Techniques for WCAG 2.0

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SL4: Declaring Discrete Silverlight Objects to Specify Language Parts in the HTML DOM


This technique relates to:

User Agent and Assistive Technology Support Notes

See User Agents Supported for general information on user agent support.


The objective of this technique is use the HTML Lang attribute on the object tag to describe each Silverlight plug-in instance on the HTML hosting page as a "part" that has a different language. Assistive technologies that use HTML Lang as a determinant of language of parts can thus treat all Silverlight content as using that HTML Lang-declared language.

Most assistive technologies that are capable of determining Language for Web content will use the HTML Lang tag value as the determinant of the language of the page. Assistive technologies would also use HTML Lang tag values for the language of parts. HTML Lang is not specifically reported in accessibility frameworks. Assistive technologies would typically access the HTML DOM to get this information. This technique specifically addresses this known situation regarding how ATs obtain Language information from HTML rather than from accessibility frameworks that otherwise report other aspects of HTML content.

In order to support different language parts that each contain Silverlight content, authors declare one Silverlight object tag per continuous language part region in the HTML. For example, the following HTML is a simplication of HTML markup for a page that contains two Silverlight content areas, the first declaring Lang as English (en), the second declaring Lang as German (de):

       <object type="application/x-silverlight-2" lang="en">
       <object type="application/x-silverlight-2" lang="de">

To support communication between different Silverlight plug-in instances that are hosted on the same HTML page, application authors can use various techniques, including the following

Silverlight runtime language determination

Regardless of how HTML Lang is declared on the defining object tags, many aspects of how Silverlight works with language and culture information at run time are not determined by HTML Lang, and are instead determined by the operating system and which culture that operating system is running. For more information, see Understanding Language/Culture Properties as Used by Silverlight Applications and Assistive Technologies.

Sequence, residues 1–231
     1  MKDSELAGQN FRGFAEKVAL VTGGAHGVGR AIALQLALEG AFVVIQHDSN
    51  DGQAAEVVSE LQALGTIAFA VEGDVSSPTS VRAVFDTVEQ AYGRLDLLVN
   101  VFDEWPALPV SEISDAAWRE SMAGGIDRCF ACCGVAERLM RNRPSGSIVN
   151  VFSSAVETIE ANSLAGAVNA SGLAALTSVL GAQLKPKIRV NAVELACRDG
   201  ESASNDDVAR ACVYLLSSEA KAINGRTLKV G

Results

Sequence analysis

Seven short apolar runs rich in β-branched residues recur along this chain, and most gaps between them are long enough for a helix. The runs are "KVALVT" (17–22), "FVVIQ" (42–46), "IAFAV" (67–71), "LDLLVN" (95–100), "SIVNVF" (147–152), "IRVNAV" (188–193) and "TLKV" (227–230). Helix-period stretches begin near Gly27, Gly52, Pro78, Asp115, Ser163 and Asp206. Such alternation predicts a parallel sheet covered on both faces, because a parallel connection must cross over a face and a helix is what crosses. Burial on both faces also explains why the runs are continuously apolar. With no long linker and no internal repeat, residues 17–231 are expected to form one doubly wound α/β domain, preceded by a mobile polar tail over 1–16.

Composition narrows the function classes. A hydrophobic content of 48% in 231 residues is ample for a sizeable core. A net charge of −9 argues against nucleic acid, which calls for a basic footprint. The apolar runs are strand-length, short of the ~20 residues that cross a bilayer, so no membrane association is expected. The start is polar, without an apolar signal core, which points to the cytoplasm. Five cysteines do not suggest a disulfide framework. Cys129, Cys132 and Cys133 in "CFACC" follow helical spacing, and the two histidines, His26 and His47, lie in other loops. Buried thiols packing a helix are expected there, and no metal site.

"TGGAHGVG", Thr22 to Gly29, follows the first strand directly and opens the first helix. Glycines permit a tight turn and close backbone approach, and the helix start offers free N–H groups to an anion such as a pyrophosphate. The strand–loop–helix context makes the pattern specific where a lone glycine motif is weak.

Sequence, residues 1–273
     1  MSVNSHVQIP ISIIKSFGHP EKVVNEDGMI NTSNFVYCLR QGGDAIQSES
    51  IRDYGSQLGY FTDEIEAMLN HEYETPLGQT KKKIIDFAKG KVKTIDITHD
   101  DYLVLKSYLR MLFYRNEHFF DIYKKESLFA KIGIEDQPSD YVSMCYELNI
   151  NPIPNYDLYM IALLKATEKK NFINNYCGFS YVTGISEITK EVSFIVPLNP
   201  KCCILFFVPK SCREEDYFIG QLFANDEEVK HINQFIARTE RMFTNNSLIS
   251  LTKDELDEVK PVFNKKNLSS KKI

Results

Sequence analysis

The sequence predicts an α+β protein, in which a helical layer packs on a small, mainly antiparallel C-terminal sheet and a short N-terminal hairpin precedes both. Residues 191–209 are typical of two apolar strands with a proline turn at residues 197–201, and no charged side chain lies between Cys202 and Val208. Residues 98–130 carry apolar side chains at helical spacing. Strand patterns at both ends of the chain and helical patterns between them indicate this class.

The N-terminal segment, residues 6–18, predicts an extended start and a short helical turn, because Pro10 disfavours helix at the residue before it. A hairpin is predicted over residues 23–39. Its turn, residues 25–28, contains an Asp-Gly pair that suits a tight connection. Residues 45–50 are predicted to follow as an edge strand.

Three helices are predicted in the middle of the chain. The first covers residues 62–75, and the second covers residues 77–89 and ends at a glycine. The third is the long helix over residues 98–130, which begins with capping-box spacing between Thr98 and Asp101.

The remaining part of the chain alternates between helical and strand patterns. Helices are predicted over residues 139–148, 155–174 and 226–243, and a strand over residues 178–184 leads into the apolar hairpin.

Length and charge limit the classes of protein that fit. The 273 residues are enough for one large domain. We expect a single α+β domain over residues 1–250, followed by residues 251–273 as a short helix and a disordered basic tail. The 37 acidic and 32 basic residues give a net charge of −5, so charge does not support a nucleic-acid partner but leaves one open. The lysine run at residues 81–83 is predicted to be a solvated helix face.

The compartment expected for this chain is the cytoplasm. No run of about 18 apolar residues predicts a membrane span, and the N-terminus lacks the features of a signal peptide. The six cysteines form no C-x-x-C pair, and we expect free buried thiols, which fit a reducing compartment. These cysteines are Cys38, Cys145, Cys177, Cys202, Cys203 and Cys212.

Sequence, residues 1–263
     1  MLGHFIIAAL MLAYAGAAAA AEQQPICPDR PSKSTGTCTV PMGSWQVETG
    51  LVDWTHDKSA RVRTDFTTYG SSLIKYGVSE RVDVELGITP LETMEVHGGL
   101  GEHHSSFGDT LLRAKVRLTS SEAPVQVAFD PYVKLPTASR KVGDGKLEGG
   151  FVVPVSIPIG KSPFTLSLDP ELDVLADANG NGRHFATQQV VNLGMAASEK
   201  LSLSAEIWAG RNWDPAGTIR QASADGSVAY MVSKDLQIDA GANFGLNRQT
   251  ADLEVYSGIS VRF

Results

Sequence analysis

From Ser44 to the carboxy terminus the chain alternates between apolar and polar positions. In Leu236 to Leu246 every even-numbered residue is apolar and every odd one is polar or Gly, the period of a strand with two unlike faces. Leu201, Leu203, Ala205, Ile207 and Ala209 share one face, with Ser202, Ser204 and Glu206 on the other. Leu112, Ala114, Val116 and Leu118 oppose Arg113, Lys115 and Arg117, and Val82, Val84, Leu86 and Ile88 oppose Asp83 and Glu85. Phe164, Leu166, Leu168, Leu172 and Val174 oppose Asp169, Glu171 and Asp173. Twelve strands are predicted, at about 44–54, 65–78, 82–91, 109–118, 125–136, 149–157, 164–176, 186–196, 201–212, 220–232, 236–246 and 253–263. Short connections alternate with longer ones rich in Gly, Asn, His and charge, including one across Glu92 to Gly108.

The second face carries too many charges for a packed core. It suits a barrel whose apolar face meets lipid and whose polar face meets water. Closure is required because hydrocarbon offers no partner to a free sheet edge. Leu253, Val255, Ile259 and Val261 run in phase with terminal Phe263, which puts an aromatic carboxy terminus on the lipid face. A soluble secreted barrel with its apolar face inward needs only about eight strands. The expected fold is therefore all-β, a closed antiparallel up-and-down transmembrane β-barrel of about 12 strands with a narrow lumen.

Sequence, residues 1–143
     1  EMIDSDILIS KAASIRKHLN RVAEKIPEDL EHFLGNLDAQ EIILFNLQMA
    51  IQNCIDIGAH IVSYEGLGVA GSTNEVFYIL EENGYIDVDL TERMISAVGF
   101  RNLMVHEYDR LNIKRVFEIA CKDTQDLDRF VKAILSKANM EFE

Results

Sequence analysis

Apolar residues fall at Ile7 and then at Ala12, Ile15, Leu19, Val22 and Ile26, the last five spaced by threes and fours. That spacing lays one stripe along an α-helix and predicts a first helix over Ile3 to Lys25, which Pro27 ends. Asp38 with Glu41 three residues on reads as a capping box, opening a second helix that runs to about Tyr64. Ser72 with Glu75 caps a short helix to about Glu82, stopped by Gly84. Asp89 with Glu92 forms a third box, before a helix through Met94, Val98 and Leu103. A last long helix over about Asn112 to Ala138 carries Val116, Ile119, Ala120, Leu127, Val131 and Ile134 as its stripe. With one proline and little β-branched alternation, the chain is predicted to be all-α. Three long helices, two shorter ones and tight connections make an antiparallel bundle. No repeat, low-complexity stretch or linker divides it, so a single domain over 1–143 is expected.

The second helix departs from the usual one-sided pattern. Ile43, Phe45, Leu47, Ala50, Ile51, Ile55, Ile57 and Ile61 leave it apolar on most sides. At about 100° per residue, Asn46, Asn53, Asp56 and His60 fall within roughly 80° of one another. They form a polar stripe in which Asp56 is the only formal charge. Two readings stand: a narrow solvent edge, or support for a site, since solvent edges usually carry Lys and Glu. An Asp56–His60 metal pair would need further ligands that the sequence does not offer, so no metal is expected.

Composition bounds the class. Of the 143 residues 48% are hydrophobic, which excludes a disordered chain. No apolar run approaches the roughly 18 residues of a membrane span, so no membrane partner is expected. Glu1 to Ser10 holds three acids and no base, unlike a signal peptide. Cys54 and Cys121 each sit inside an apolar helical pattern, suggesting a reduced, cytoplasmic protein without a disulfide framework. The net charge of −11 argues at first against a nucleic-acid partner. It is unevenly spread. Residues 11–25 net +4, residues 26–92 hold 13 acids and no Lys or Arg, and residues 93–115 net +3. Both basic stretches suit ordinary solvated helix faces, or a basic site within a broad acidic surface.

Example 1: Two Silverlight object tags, each with different HTML Lang, to support a simple language-translator application as a Web page

The Visual Studio solution for this example has a total of 4 project components:

In this example, the English user control implements a LocalMessageSender, which sends asynchronous messages to the German user control. The German user control has a LocalMessageReceiver, which is set to listen as soon as the control is instantiated. When a message is received, the German control calls a function of the translation library, and displays translated text.

The following is the HTML page (some infrastructure and parameters omitted for clarity):

<html xmlns="" >

    <object data="data:application/x-silverlight-2," type="application/x-silverlight-2" width="100%" height="25px" lang="en">
      <param name="source" value="ClientBin/SilverFish.xap"/>

    <object data="data:application/x-silverlight-2," type="application/x-silverlight-2" width="100%" height="25px" lang="de">
      <param name="source" value="ClientBin/SilverFish_DE.xap"/>


The following is the XAML for the English user control:

<UserControl x:Class="SilverFish.MainPage"
   xmlns:x="" Height="20" 
   <Grid x:Name="LayoutRoot" Background="White">
       <TextBox AcceptsReturn="False" Language="en-us"

The following is the code-behind for the English user control:

   public partial class MainPage : UserControl
       private LocalMessageSender messagesender;
       public MainPage()
       private void EnglishTranslationBox_LostFocus(object sender, RoutedEventArgs e)
           messagesender = new LocalMessageSender("receiver");
           messagesender.SendAsync((sender as TextBox).Text);

The following is the code-behind for the German user control (the XAML is minimal; the main relevant point is that it contains a TextBox target named GermanTranslationBox). The code invokes the translation function found in a separate library. The translation function is not shown, it simply takes an English string and returns a German translation.

   public partial class MainPage : UserControl
       public MainPage()
           LocalMessageReceiver lmr = new LocalMessageReceiver("receiver");
           lmr.MessageReceived += new EventHandler<MessageReceivedEventArgs>(lmr_MessageReceived);
           catch (ListenFailedException) {}
       void lmr_MessageReceived(object sender, MessageReceivedEventArgs e)
           if (e.Message!="") {
               String translated;
               translated = Translator.TranslateThat(e.Message);
               GermanTranslationBox.Text = translated;

This example is shown in operation in the working example of SilverFish.


Resources are for information purposes only, no endorsement implied.



  1. Using a browser that supports Silverlight, open an HTML page that references multiple Silverlight object tags, each with different HTML Lang values.

  2. Verify that language settings through HTML Lang on object tags are respected by assistive technologies that can use HTML Lang values for language of parts determination.

Expected Results

#2 gives expected results.

If this is a sufficient technique for a success criterion, failing this test procedure does not necessarily mean that the success criterion has not been satisfied in some other way, only that this technique has not been successfully implemented and can not be used to claim conformance.